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Nematode biodiversity in south-western Nigerian watermelon cropping systems, with reference to Meloidogyne and its management
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Watermelon is increasingly produced and consumed in Nigeria and sub-Saharan Africa (SSA). However, limited information exists regarding the nematode fauna associated with the crop. Therefore, the overall aim of this study was to determine the nematode assemblages associated with watermelon, to investigate the reproduction potential of populations of the predominant plant-parasitic nematodes identified and to assess the host status of commercially available cultivars in south-west Nigeria to the predominant nematode pest species. Of the 30 free-living nematode genera identified from soil samples, Cephalobus, followed by Rhabiditis, Aphelenchus and Aporcelaimus, were predominant. Variation in nematode community structures across the 50 fields was apparent for mean maturity indices, metabolic footprints, feeding-type composition and coloniser-persister (c-p) structure. Faunal analyses characterised 52% of the fields as having stable and enriched soil food webs, which is beneficial for crop production. A new species, Aporcelaimellus nigeriensis sp. n., was furthermore identified and described from this study. Of the 12 plant-parasitic nematode species identified, Meloidogyne spp. were predominant, followed by Helicotylenchus dihystera, Pratylenchus zeae and Scutellonema bradys. Applying morphological and molecular techniques, four Meloidogyne spp. were identified from the sampling sites. Meloidogyne enterolobii was the most prevalent, followed by M. incognita, M. javanica and M. arenaria. Meloidogyne arenaria is reported for the first time from south-west Nigerian cropping systems. Significant associations were observed between the frequency of occurrence of the predominant nematode pest genera/species and soil properties as well as rainfall. The reproduction potential of 25 Meloidogyne spp. populations (containing single-species) and/or communities (containing mixed-species) obtained from watermelon fields were determined under glasshouse conditions, while the host response of six commercially available watermelon cultivars to the three predominant root-knot nematode species (M. incognita, M. javanica and M. enterolobii) were also done. For both studies an initial and repeat experiments were conducted over 56 days. For the reproduction potential experiments, ±5 000 eggs and second-stage juveniles (J2) of each of the 25 Meloidogyne populations and/or communities were inoculated on roots of two-leaf stage seedlings of the root-knot nematode susceptible tomato (Lycopersicon esculentum Mill.) cultivar Tropimech. For the host status experiments, roots of six commercially available watermelon cultivars were inoculated with ±5 000 eggs and J2 of in-vivo reared, single-species populations of M. incognita, M. javanica and M. enterolobii. The reproduction potential of the Meloidogyne spp. communities and the host response of the cultivars were assessed based on the i) number of egg masses, ii) final nematode population (Pf) and iii) reproduction factor (Rf) per root system. No significant interaction existed between the initial and repeat experiments of the reproduction potential experiments, while a significant interaction was apparent between the two host status experiments. However, for the reproduction potential experiments higher Pf and Rf values were recorded for most of the cultivars for the initial compared to the repeat experiment. The highest Rf was obtained for a mixed community of M. enterolobii and M. javanica (L 15), while the lowest Rf was ascribed to a mixed species community (L16) containing M. arenaria and M. enterolobii. Host status assessments of cultivars showed that all cultivars evaluated were susceptible (Rf >1) to the three species of Meloidogyne, although substantial variation among the cultivars’ host responses to the three Meloidogyne spp. existed. For example, cultivar Koloss F1 supported the lowest population densities for M. enterolobii (Pf = 40 002; Rf = 6.1); Sugar Dragon for M. javanica (Pf = 12 947; Rf = 2.6); and M. incognita (Pf = 10 670; Rf = 2.1); the highest population densities were maintained in roots of cultivar Charleston Gray for M. enterolobii (Pf = 73 522 ; Rf = 14.7); Erato F1 for M. javanica (Pf = 47 684 ; Rf = 9.5); and Charleston Gray for M. incognita (Pf = 63 395; Rf = 12.7). All Pf and Rf values recorded across the treatments were significantly lower than those of the susceptible tomato standard check. This study provides novel information regarding i) the free-living and ii) plant-parasitic nematodes associated with watermelon from SSA; iii) a new Aporcelaimellus sp. report; and baseline information on iv) the reproduction potential of Meloidogyne spp. populaitons and communities occurring in south-west Nigeria; as well as the v) the host status of commercially available watermelon cultivars grown across south-west Nigerian agro-ecological systems to single-species Meloidogyne populuations. The data generated from this study hence represent valuable and useful information to watermelon growers and can contribute towards sustainable cultivation of the crop in Nigeria.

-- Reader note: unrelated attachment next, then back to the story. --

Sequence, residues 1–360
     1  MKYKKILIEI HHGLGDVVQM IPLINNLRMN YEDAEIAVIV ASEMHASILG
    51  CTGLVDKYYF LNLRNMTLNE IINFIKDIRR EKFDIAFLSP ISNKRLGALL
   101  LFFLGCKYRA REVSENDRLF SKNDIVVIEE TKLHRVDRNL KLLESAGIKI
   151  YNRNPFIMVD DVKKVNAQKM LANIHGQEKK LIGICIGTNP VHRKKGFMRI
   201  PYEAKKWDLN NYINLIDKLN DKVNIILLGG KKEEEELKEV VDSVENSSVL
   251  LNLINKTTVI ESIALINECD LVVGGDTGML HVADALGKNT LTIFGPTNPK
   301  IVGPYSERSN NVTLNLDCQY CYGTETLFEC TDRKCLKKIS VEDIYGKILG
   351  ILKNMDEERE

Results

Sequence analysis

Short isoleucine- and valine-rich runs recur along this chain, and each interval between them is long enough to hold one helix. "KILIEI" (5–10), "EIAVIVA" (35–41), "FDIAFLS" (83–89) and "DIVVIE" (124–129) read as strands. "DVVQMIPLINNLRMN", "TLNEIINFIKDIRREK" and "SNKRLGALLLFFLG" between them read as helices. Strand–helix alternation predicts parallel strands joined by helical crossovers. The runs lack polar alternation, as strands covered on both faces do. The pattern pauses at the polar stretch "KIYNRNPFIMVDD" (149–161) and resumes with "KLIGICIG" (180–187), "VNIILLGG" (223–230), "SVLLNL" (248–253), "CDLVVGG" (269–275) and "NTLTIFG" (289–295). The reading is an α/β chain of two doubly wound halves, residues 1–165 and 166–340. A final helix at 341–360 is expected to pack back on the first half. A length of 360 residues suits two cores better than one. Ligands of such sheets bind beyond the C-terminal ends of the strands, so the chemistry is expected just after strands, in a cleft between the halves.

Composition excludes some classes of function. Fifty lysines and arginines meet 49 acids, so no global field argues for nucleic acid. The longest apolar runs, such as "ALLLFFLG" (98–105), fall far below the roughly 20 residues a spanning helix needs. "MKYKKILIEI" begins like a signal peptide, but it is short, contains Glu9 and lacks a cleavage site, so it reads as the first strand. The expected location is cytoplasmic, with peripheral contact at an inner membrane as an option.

I am grateful to God Almighty for his protection over me and my loved ones. Words can never be enough to express my most profound gratitude to Prof. Hendrika Fourie who supervised my PhD study. Her professional touches and compassionate supports provided the needed mentorship I require to grow as a scientist. Her moral and financial support as well as encouragements have contributed wonderful chapters to my life. She is indeed the best. I would like to acknowledge with gratitude, my co-supervisor: ...
Permanent link to this itemhttps://hdl.handle.net/20.500.12478/7847
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